We see them so often in San Antonio that we may forget to notice them, or at least to note how extraordinary they are: intricate light fixtures of perforated metal, on the Riverwalk, in our stores and banks, in some of our finest homes. The delicate patterns that these fixtures project on our walls and walkways are part of the sensual world of our city, as natural to us as the flicker of luminarias or the shadows of papél picado. But they are the work of a few inspired men and women, living and working here in our neighborhood – part of a tradition that, fortunately, is set to persevere.
Isaac Maxwell was one of several architects who were early pioneers in King William when it was still an edgy and decaying place. He started his career with E. B. Flowers in the 1960s, just across the street from O’Neil Ford’s offices at King William and Guenther. In Flowers’ office Maxwell worked beside a friend from architecture school, William McDonald, with whom he shared a passion for handcrafted wood and metal fixtures to complement the buildings they designed. Self-taught, and initially making the lamps and metal-clad doors themselves, they were part of an even older tradition. In a 1982 interview in Texas Homes magazine, both men acknowledged their debt to Lynn Ford – the brilliant craftsman, brother of architect O’Neil, whose own works in wood, metal, and ceramic were key elements of the Fords’ regionalist modernism.
They acknowledged the debt but also their differences, from Ford and from each other. Maxwell’s metal work was the most ornate of the three, requiring hundreds of precise strokes of hammer and awl. (Isaac was quick to point out that Lynn Ford drilled his holes, but Maxwell punched.) This level of handwork, combined with Maxwell’s perfectionism, carried a cost. As his architectural practice grew, the demand for metalwork outpaced the time to complete it. It was at that point that he hired a craftsman then in his 20s, Gregorio “Goyo” Rebollar, to lead this part of the business. In an historic storefront on South Alamo at Mission Street, Rebollar led a crew of craftsmen in realizing Isaac’s designs.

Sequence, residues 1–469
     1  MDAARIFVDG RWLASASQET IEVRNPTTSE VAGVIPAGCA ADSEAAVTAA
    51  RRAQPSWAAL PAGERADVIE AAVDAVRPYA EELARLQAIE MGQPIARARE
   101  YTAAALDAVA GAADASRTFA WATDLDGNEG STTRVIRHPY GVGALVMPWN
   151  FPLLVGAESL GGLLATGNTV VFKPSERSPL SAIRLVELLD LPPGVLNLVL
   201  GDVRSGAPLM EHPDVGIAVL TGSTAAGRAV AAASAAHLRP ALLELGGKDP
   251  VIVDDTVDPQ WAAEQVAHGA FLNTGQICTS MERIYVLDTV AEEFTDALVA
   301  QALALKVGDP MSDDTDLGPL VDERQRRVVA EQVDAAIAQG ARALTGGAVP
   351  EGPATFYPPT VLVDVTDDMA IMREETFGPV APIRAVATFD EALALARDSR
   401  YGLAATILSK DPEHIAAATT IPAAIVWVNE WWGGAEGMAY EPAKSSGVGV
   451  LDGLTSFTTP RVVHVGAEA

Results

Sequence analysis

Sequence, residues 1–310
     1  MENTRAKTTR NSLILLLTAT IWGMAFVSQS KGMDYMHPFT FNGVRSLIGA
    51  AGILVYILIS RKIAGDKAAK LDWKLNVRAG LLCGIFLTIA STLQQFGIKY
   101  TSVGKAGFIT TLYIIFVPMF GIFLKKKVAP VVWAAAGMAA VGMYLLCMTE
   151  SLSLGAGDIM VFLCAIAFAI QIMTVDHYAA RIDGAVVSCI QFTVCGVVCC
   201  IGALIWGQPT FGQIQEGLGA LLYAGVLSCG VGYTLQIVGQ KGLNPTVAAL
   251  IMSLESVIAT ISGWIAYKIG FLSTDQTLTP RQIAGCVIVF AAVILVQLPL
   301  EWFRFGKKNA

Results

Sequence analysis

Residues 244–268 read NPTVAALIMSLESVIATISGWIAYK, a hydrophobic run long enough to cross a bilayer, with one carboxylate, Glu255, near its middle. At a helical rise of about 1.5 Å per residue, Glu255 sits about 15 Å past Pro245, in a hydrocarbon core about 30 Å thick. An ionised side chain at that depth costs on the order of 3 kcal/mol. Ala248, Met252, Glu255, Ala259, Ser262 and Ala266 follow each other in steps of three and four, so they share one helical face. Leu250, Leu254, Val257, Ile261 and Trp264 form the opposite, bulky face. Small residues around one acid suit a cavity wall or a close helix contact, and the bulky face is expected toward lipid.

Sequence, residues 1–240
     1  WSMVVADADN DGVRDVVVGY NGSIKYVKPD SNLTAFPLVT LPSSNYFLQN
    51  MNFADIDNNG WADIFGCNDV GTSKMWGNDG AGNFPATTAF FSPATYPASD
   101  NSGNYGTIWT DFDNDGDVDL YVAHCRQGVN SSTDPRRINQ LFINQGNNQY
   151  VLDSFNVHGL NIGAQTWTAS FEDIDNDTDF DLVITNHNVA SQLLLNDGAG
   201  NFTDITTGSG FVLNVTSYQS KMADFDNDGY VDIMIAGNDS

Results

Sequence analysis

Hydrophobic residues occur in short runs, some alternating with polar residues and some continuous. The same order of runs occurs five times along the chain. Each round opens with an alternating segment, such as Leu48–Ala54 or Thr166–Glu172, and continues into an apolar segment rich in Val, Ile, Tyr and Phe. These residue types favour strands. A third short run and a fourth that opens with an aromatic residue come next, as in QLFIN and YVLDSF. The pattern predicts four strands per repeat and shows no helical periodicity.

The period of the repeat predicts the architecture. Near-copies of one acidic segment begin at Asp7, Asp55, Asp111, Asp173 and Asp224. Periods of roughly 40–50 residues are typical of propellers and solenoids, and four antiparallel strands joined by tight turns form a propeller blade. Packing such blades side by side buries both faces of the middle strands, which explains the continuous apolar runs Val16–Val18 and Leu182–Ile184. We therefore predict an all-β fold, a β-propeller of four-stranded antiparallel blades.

Isaac Maxwell died in 1998 at age 59. His wife, Judith Maxwell (also an architect) and Goyo kept the metal shop going at the South Alamo location, guided by a generous archive of Isaac’s drawings (they had long since developed a method for transferring these designs to metal, copying the original drawings full-scale to paper templates that could be attached to the metal and punched through). It was Judith’s wish to pass the business to Rebollar, which transition was catalyzed – as things in King William often are – by the redoubtable Mike Casey, who had been the Maxwells’ close friend since he moved to the neighborhood in the 1970s. In 2014, with Rebollar now full partner, Isaac Maxwell Metal relocated to 1135 South St. Mary's. Shining On: Isaac Maxwell Metal stay in the loop Photo: Jack Kent Gregorio Rebollar and Mike Casey search Isaac Maxwell's archives for their next project.
The new location is in a small blue bungalow, part of an artists’ compound that includes gallery Sala Diaz and has been home to generations of artists and students.
Today Rebollar’s crew is a family matter, including his grandson Abel Gonzales and son-in-law Jacob Reza; daughter Judith helps in the office.
Recently retired from his law practice and partner with Rebollar in Isaac Maxwell Metal, Casey devotes himself to business development. He speaks happily of recent commissions and queries from contractors and architects across South Texas. There are plans, he says, for Maxwell’s original drawings to be permanently housed at UTSA – maintaining the archive as resource and inspiration for future architects and designers, even as the tradition lives on in the hands of Goyo Rebollar and his descendants. - Jack Kent